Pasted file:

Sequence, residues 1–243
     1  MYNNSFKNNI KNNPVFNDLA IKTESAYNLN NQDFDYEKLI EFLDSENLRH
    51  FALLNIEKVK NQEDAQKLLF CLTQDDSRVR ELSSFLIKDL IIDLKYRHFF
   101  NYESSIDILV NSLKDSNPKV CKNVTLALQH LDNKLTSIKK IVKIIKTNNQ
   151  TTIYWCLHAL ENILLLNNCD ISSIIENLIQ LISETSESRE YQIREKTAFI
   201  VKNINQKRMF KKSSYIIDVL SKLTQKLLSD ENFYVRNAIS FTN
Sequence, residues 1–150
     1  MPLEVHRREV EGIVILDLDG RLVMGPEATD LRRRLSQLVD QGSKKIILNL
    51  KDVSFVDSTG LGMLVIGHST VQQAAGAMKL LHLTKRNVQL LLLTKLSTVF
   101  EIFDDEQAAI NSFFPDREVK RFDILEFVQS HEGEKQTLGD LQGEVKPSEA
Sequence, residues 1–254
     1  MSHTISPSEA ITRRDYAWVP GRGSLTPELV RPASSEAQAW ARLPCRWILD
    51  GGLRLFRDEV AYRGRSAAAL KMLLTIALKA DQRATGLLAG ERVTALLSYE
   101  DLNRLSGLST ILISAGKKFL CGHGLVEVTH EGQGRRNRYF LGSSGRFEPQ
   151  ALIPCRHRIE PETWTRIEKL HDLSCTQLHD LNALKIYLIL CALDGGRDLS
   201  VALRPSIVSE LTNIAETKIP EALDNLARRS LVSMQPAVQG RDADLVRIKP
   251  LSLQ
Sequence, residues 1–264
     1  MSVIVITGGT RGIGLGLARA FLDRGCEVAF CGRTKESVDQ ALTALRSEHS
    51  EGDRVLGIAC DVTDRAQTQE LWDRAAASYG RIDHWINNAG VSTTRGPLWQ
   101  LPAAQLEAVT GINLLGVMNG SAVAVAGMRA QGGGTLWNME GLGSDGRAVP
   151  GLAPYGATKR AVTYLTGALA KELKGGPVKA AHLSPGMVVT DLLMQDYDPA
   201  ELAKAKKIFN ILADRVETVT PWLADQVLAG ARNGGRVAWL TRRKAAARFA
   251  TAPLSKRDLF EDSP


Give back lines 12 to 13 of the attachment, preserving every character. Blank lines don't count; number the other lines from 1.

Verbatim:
     1  MSHTISPSEA ITRRDYAWVP GRGSLTPELV RPASSEAQAW ARLPCRWILD
    51  GGLRLFRDEV AYRGRSAAAL KMLLTIALKA DQRATGLLAG ERVTALLSYE